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and the Scarlet Tanager, ( T. rubra.) The last is not, however, confined to the intertropical regions of the western world, but pays an annual visit to the more northern latitudes, spreading over the United States as far as Canada.
On the first of May this richly coloured bird makes his appearance in Pennsylvania, avoiding the neighbourhood of human habitations, the dense solitude of the woods being his favourite abode. His usual note is a monotonous repetition of the syllables chip-churr, repeated at short intervals. Wilson, however, states that he sometimes indulges in a mellow musical chant. His fare consists of fruit and berries and the larger kinds of insects.
The nest of this species is a loose flimsy structure, composed of broken flax and dry grass, placed on the branch of a tree. The eggs are three in number, of a dull blue, spotted with brown or purple. As the Scarlet Tanager leaves the United States in August, it has only time to rear a single brood in a season.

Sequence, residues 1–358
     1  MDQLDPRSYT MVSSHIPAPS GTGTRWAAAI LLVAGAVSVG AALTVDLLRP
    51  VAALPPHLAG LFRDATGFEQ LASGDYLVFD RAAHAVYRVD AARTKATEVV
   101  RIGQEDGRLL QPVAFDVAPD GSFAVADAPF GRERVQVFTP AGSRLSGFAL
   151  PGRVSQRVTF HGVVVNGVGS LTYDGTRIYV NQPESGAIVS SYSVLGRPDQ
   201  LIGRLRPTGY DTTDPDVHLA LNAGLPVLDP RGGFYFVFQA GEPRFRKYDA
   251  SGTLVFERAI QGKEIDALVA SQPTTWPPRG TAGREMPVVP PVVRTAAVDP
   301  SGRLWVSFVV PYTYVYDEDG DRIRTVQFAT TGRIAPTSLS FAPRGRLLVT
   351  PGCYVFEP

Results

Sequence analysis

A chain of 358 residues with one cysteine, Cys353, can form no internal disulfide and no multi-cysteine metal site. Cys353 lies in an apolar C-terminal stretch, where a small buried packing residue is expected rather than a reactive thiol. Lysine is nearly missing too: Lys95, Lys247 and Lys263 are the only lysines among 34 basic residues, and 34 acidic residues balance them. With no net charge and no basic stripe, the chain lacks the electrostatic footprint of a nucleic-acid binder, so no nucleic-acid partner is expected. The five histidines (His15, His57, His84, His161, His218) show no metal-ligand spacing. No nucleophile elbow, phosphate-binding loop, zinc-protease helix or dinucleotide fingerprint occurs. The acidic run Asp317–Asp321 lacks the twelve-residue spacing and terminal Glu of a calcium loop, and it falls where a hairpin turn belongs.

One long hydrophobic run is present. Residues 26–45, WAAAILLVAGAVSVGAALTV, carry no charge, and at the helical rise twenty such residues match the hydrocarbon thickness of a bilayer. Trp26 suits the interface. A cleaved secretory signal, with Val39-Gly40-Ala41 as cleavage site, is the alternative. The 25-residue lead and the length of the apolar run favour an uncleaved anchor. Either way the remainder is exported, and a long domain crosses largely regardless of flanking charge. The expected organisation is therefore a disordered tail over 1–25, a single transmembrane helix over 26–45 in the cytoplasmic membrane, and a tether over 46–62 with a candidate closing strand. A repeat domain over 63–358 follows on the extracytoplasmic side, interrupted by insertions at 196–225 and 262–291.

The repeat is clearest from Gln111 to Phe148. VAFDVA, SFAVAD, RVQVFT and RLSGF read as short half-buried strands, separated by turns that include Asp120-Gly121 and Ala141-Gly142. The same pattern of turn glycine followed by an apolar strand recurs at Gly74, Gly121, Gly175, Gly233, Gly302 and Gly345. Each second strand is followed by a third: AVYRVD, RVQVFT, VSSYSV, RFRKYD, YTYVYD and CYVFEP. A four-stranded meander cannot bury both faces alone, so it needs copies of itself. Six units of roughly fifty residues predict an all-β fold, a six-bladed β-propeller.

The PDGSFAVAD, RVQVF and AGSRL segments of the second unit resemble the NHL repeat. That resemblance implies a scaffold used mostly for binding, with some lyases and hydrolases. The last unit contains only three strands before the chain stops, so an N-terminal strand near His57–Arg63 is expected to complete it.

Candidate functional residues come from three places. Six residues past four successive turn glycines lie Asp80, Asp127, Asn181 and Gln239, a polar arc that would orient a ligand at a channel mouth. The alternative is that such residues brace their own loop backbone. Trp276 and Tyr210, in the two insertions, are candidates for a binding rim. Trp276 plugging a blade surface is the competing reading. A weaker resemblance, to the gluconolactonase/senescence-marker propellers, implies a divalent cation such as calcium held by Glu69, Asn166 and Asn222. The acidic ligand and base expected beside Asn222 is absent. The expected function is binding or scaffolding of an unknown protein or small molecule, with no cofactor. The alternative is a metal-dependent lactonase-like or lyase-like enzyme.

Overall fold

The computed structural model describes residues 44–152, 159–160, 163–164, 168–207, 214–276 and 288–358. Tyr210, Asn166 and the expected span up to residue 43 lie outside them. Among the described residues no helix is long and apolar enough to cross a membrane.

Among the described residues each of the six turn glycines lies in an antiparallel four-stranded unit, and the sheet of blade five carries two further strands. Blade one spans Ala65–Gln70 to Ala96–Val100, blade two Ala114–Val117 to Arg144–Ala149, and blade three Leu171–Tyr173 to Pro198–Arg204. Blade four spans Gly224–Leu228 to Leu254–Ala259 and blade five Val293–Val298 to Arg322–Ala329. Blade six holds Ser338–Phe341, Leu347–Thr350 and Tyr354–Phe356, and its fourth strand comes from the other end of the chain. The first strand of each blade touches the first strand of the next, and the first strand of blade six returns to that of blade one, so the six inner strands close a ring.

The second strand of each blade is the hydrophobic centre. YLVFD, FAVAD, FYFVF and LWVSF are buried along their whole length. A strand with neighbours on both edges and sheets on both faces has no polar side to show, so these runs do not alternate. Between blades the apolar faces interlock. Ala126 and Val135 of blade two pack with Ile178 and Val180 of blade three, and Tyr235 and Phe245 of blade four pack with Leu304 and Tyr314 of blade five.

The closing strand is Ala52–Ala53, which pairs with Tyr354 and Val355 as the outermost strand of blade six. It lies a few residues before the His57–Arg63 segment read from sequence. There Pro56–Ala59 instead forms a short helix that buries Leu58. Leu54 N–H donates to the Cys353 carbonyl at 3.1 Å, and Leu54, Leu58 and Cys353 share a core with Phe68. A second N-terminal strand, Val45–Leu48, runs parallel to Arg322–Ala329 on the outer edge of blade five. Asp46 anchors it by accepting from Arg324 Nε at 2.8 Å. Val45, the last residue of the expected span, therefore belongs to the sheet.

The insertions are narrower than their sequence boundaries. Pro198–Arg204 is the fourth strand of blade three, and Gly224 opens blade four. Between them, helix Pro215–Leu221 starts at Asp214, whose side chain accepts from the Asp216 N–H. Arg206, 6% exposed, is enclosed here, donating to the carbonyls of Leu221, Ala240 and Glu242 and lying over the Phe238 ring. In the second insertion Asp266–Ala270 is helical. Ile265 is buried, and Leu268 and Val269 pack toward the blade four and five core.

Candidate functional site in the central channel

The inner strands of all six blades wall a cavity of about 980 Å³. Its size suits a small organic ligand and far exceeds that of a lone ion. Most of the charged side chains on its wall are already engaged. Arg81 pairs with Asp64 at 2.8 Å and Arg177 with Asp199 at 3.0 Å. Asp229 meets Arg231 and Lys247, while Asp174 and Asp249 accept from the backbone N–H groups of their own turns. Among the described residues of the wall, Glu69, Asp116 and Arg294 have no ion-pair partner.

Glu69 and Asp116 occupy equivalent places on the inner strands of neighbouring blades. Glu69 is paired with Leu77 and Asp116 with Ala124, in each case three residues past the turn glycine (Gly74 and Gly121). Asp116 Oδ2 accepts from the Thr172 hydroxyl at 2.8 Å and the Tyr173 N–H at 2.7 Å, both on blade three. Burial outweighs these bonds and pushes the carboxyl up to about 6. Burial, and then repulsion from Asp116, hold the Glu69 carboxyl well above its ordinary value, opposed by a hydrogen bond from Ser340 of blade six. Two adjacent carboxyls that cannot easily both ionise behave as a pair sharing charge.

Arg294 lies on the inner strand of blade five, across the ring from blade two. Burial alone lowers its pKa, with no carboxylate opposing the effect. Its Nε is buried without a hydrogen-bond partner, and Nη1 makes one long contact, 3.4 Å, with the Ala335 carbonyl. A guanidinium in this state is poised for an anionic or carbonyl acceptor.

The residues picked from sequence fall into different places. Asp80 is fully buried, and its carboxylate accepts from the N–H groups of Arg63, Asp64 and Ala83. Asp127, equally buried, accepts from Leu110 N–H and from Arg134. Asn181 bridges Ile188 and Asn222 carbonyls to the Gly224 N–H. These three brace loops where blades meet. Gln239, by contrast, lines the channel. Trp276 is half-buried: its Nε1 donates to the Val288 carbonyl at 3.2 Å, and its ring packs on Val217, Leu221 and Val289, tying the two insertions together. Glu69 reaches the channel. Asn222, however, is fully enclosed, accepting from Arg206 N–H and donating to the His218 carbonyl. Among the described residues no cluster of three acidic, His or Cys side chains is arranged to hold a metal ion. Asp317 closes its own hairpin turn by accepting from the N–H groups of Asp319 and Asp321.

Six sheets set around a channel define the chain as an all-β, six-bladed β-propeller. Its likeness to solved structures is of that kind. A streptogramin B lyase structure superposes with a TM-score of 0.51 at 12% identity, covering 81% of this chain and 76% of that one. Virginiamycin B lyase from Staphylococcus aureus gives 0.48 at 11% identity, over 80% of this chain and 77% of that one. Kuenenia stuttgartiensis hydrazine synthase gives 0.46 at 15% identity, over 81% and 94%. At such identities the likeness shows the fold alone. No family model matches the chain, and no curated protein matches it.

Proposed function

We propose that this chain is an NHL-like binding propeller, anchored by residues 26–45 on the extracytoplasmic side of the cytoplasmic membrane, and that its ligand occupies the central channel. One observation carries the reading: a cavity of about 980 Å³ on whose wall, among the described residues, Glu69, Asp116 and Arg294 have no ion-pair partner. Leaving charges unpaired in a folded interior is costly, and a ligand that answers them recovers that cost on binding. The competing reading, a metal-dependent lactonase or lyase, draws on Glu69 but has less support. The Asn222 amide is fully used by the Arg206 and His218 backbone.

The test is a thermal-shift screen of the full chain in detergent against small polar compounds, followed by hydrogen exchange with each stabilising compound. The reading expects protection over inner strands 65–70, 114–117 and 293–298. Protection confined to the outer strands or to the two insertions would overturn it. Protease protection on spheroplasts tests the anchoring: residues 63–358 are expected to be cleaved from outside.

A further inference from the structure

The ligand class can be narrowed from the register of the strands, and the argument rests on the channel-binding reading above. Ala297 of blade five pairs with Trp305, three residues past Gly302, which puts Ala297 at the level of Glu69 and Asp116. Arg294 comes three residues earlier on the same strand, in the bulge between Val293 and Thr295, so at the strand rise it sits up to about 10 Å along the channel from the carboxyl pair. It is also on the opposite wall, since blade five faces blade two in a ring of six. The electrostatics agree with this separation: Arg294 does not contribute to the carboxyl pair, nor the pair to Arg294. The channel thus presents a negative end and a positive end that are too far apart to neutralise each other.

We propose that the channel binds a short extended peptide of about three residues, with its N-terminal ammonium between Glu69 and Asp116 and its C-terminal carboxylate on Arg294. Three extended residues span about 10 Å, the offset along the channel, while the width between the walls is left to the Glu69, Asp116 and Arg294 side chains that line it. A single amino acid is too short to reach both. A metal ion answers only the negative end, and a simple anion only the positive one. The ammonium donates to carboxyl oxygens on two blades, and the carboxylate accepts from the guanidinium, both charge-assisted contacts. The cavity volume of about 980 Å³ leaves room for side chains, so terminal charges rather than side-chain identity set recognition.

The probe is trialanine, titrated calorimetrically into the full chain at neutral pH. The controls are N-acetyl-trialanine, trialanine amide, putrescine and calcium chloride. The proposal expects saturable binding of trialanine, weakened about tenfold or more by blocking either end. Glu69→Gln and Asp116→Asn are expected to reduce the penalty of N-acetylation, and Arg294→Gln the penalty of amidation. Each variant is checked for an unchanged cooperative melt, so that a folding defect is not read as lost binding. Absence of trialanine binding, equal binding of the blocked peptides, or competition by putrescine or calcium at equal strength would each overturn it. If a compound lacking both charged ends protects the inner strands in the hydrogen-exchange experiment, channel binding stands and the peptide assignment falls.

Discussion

“ Among all the birds,” says the writer just referred to, “ that inhabit our woods, there is none that strikes the eye of a stranger or even a native with so much brilliancy as this. Seen among the green leaves, with the light falling strongly on his plumage, he really appears beautiful. If he has little of melody in his notes to charm us, he has nothing in them to disgust. His manners are modest, easy, and inoffensive; he commits no depredations on the property of the husbandman, but rather benefits him by the daily destruction in spring of many noxious insects; and when winter approaches he is no plundering dependant, but seeks in a distant country for that sustenance which the severity of the season denies to his industry in this. He is a striking ornament to our